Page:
Sit-at-home, COVID-19 effects trigger depression, mental illness -Neuropsychiatrist
Prof. Monday Igwe, Medical Director, Federal Neuropsychiatric Hospital, Enugu, says that the sit-at-home directive and effects of COVID-19, constituted major triggers of depression leading to mental illness in the South-East and around the country.
Igwe stated this while speaking with newsmen in Enugu, on Monday, on the increasing mental illness cases being recorded in most psychiatric hospitals worldwide, including Nigeria.
The medical director spoke on the margins of the commemoration of the 2021 World Mental Health Day under the theme: “Mental health in an unequal world”.
He said that other triggers included: high level of unemployment, inflation, terrorism, banditry, communal conflicts and kidnapping, which have led to considerable changes in people’s daily lives and activities.
According to him, all these unfriendly developments lead to losses to many and for some it might further lead to depression and hopelessness that might trigger full blown mental health challenge.
“It is projected that the need for mental health and psycho-social support will substantially increase in the coming months and years.
“Investment in mental health programmes at the state, national and international levels, which have already suffered years of under-funding, is now more important than it has ever been.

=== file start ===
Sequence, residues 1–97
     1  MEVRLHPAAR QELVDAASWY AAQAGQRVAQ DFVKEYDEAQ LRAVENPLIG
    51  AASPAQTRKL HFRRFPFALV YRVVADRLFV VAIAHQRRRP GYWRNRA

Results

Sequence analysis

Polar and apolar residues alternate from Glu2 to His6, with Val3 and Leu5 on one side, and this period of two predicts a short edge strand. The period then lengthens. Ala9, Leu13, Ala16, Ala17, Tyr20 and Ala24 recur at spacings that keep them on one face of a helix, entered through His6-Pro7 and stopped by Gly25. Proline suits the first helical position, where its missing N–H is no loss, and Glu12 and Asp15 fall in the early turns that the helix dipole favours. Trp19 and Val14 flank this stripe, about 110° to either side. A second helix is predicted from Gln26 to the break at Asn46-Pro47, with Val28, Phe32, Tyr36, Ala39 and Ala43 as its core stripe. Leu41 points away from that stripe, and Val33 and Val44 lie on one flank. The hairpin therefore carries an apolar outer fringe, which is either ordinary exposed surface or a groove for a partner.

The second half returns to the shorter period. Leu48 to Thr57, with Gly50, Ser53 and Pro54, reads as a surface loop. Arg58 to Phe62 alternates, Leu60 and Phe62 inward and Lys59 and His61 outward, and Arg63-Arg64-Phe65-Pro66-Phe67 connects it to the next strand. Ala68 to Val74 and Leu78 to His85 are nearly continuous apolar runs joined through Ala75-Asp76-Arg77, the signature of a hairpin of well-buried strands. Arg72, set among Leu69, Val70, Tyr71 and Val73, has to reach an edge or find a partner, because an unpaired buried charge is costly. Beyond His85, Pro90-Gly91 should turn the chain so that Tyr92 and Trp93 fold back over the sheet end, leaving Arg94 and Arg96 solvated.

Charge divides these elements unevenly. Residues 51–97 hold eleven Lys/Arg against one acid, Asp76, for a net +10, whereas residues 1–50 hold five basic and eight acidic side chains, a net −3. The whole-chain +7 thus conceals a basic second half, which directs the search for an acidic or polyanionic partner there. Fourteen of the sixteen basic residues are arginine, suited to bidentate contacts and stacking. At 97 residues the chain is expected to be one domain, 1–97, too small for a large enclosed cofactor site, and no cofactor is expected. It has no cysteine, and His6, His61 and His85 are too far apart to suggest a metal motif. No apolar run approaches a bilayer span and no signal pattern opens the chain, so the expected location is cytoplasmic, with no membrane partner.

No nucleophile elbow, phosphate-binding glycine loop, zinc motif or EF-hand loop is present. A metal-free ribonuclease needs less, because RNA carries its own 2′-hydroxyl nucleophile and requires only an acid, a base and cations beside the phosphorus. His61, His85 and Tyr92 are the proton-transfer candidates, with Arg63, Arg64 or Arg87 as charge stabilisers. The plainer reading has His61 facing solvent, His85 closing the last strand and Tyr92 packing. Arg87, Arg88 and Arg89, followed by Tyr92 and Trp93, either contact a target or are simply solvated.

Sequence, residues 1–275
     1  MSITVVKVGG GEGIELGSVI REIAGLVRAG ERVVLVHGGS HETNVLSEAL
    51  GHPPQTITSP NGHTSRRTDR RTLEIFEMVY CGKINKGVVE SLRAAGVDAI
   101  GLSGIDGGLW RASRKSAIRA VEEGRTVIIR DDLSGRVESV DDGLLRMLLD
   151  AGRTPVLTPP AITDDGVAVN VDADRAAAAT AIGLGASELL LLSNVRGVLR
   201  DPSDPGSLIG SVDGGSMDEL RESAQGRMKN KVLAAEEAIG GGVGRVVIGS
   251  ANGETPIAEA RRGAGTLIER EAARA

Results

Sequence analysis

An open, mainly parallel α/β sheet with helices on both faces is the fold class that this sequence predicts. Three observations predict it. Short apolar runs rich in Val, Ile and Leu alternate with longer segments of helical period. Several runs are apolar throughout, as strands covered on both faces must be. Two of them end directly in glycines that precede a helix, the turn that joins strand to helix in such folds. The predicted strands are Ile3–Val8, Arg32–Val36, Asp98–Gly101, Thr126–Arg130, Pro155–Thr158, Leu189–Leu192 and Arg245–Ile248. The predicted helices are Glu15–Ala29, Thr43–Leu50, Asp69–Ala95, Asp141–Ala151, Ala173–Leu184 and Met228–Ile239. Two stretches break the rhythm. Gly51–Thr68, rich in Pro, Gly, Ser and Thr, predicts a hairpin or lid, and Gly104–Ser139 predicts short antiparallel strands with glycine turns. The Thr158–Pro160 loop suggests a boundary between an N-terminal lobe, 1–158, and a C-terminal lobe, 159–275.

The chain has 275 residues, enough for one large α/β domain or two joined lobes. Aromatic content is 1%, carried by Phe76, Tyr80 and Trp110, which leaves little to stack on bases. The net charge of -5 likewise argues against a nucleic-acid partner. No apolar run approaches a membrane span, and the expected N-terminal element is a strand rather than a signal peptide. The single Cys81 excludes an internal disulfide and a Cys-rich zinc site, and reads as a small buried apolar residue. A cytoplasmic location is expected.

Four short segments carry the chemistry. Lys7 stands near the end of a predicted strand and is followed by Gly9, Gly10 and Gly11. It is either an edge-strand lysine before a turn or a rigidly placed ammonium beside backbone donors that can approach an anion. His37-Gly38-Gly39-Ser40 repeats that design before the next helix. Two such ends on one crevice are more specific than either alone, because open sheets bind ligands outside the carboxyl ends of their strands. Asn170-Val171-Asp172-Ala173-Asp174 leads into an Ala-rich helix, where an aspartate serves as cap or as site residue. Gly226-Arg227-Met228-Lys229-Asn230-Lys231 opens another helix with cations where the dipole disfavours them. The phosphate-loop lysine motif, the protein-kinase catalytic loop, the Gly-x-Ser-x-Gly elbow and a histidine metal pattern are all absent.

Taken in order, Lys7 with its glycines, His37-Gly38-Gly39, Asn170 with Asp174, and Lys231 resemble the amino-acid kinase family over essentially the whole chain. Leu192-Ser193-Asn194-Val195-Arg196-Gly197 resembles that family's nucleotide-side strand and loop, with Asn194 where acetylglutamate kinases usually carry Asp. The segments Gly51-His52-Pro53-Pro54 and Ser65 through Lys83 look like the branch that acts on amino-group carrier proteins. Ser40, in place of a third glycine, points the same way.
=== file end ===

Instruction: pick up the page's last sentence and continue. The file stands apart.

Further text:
“Unfortunately, mental health is one of the most neglected areas of public health.
“Globally, one billion people are living with a mental disorder. Three million people die every year from the harmful use of alcohol, while one person dies every 40 seconds by suicide,” he said.
Igwe noted that societal stigma, discrimination and human rights abuses of people with mental health conditions had further worsened mental health disorders in the country.
The don said that more disturbing was that relatively few people in Nigeria have access to quality and affordable mental health services.
“It is estimated that more than 75 per cent of the people with mental, neurological and substance use disorders receive no treatment for their conditions.
“Painfully, most countries, including Nigeria, spend on average only 2 per cent of their health budgets on mental health, such that the World Health Organization, together with partner agencies, is calling for a massive scale-up in quality of mental health services.
“This is the time for the world to come together and begin redressing the historic neglect of mental health.
“Unless we make serious commitments to scale up services in mental health right now, the health, social and economic consequences will be far-reaching,” he said.
Igwe added that concerted action must be taken to address decades of inattention to and underdevelopment of mental health services and systems, human rights abuses and discrimination against people with mental disorders.
Staff of the Federal Neuropsychiatric Hospital, Enugu, held a road walk to commemorate the Day within Enugu metropolis on Saturday, Oct. 9.
The World Mental Health Day is celebrated on Oct. 10 every year with support of the United Nations and was first observed in 1992 on the initiative of the World Federation for Mental Health.